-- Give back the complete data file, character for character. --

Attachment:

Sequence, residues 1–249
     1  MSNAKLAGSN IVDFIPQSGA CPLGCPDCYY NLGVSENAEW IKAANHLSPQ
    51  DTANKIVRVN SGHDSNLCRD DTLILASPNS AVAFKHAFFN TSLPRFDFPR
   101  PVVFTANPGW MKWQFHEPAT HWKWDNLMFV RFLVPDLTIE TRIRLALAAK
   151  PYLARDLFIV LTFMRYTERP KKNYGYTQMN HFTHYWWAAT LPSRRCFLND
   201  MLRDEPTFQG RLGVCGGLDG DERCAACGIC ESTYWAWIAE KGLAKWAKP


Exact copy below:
Sequence, residues 1–249
     1  MSNAKLAGSN IVDFIPQSGA CPLGCPDCYY NLGVSENAEW IKAANHLSPQ
    51  DTANKIVRVN SGHDSNLCRD DTLILASPNS AVAFKHAFFN TSLPRFDFPR
   101  PVVFTANPGW MKWQFHEPAT HWKWDNLMFV RFLVPDLTIE TRIRLALAAK
   151  PYLARDLFIV LTFMRYTERP KKNYGYTQMN HFTHYWWAAT LPSRRCFLND
   201  MLRDEPTFQG RLGVCGGLDG DERCAACGIC ESTYWAWIAE KGLAKWAKP